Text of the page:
United States Citizenship and Immigration Services
As of this time USCIS has not been clear on the intent to allow for new DACA submission, nor for DACA renewals. USCIS has been clear on their view of DACA. USCIS Deputy Director for Policy Joseph Edlow put out the following statement on June 19, 2020, “Today’s court opinion has no basis in law and merely delays the President’s lawful ability to end the illegal Deferred Action for Childhood Arrivals amnesty program.“ USCIS is not adjudicating the laws set forth to determine how the organization may proceed with new applications or renewal applications for DACA applicants. Rather USCIS Depty Director for Policy is actively campaigning for DACA to cease existence.
Due to the President’s clear intent to end DACA, coupled with the statement and lack of filing guidance from USCIS, that we anticipate the program to be declared terminated once again soon.
There is an application fee for a DACA application which, as with all applications fees, is non-refundable. These issues coupled with the application itself including the applicant’s address, we have reservations in submitting DACA applications.
We feel as though any DACA application at this point would be premature given the lack of guidance and potentially more harmful than helpful. We are monitoring the progress of DACA and taking note of those applications which are being filed across the country to determine the next steps.
Effective April 23, 2020 at 11:59 PM EDT, President Trump’s proclamation went into effect suspending the entry into the United States of immigrant individuals for at least 60 days who are:
The proclamation may be extended or altered. As of this time, the following individuals are exempt from the proclamation:
Non-immigrant visa holders and asylum seekers are NOT prohibited from coming to the United States by the proclamation.
There are multiple resources available throughout the community related to finances, mental and physical health, and scholarships for displaced students. Some of these resources include the F.U.E.L Program as part of the California Rural Legal Assistance Foundation, World Relief, California College Student Emergency Relief Fund, Latino Coalition for a Healthy California, and the state of California.
What is Public Charge?
Immigration in the United States has long relied on individuals who were joining the country to build businesses and perform specialty crafts, from agriculture to medicine. As many immigrants have proven this out with new immigrants starting businesses, and now fighting against COVID-19 as doctors and nurses. USCIS has recently adjusted their perimeters around the requirements to potentially exclude those who have relied on public benefits for more than 12 months within the last 36 months, with each benefit counting separately if more than one benefit is taken in a particular month.
USCIS defines the groups included in the rule as:
· “Applicants for admission or adjustment of status to that of a lawful permanent resident (such applicants are subject to the rule’s public charge ground of inadmissibility unless Congress has exempted them from this ground)”
· “Applicants for extension of nonimmigrant stay or change of nonimmigrant status (such applicants are subject to the rule’s public benefit condition unless the nonimmigrant classification is exempted by law or regulation from the public charge ground of inadmissibility)”
USCIS states those who are excluded from the rule are:
· Certain T and U nonimmigrant visa applicants (human trafficking and certain crime victims, respectively); and
· Certain self-petitioners under the Violence Against Women Act.
These benefits are considered under the Public Charge rule, including:
· Supplemental Security Income;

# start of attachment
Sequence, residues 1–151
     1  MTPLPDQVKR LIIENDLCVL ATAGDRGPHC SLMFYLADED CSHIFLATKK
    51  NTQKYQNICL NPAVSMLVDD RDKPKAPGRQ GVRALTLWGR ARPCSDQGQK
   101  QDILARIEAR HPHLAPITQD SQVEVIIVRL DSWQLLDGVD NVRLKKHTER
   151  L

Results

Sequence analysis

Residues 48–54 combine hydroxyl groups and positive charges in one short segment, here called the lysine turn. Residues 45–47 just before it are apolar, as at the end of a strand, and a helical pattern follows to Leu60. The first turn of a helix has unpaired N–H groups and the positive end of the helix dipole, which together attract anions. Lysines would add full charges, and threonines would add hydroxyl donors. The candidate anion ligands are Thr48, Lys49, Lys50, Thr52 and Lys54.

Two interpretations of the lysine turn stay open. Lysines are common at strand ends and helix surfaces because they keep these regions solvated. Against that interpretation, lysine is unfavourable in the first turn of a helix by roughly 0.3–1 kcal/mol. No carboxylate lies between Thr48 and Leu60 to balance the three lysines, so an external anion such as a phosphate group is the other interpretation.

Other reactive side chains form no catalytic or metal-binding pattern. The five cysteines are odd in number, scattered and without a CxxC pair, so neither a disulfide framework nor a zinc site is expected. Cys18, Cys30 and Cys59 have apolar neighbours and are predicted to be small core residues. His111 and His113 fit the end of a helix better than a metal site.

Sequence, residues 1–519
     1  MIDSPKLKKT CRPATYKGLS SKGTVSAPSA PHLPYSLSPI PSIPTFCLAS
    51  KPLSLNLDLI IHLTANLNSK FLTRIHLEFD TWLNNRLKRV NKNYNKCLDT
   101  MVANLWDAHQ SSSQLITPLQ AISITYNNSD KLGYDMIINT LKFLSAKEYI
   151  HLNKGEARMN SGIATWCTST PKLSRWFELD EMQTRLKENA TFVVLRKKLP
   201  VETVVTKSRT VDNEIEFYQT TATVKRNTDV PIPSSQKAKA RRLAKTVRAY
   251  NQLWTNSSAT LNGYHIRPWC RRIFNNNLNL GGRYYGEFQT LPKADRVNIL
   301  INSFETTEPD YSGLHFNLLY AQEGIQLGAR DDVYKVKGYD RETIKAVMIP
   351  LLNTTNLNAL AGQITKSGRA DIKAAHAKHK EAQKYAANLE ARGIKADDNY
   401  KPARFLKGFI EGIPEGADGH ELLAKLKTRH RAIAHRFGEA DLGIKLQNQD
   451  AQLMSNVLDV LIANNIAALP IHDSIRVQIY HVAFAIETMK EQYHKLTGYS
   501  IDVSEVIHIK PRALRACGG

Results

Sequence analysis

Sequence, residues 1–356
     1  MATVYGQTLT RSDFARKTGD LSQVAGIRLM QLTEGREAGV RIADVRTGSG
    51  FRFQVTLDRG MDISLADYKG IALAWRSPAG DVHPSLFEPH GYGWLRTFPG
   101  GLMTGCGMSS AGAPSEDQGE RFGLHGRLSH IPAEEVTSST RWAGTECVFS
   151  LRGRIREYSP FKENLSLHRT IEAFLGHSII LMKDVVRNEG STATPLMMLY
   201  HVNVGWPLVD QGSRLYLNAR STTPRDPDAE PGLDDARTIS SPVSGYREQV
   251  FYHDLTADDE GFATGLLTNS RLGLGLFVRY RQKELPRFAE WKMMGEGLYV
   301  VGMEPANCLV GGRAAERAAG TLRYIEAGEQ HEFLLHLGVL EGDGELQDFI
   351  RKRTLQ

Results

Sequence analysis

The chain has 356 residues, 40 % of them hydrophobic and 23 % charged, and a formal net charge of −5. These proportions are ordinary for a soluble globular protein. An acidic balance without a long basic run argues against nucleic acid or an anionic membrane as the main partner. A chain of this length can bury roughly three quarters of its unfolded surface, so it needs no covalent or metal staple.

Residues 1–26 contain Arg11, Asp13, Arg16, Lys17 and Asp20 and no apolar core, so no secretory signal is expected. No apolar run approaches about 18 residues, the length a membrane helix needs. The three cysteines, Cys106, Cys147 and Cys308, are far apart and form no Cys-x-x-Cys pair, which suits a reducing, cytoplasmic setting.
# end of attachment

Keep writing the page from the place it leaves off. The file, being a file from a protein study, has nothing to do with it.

· Temporary Assistance for Needy Families;
· Any federal, state, local, or tribal cash benefit programs for income maintenance (often called general assistance in the state context, but which may exist under other names);
· Supplemental Nutrition Assistance Program (formerly called food stamps);
· Section 8 Housing Assistance under the Housing Choice Voucher Program;
· Section 8 Project-Based Rental Assistance (including Moderate Rehabilitation);
· Public Housing (under the Housing Act of 1937, 42 U.S.C. 1437 et seq.); and
· Federally funded Medicaid (with certain exclusions).
USCIS includes benefits that are not considered as the following:
· Emergency medical assistance;
· Disaster relief;
· National school lunch programs;
· The Special Supplemental Nutrition Program for Women, Infants, and Children ;
· The Children’s Health Insurance Program;
· Subsidies for foster care and adoption;
· Government-subsidized student and mortgage loans;
· Energy assistance;
· Food pantries and homeless shelters; and
· Head Start.
Will COVID-19 Harm Our Application Because of the Public Charge Rule?
COVID-19 Testing, Treatment and Preventative Care
USCIS came out on March 13, 2020, to state that it will not take into account "testing, treatment, nor preventative care (including vaccines, if a vaccine becomes available) related to COVID-19" in the Public Charge decision, even if the benefit is from one or more public benefits, such as federally funded Medicaid.
As of now, USCIS suggests anyone with COVID-19 related symptoms, such as chills, a fever, cough, shortness of breath, loss of smell or taste to seek medical treatment. USCIS has stated that seeking medical treatment "will not negatively affect any [foreign national] as part of a future public charge analysis."
May I Get Unemployment Insurance Without Harming My Immigration Case?
USCIS has stated that unemployment insurance is typically not considered when making a Public Charge decision. DHS has stated that it "would not consider federal and state retirement, Social Security retirement benefits, Social Security Disability, post-secondary education, and unemployment benefits as public benefits under the public charge inadmissibility determination as these are considered to be earned benefits through the person's employment and specific tax deductions." USCIS has also included in its Policy Manual that unemployment benefits are not considered by USCIS in a Public Charge decision because USCIS considers unemployment insurance to be an "earned" benefit.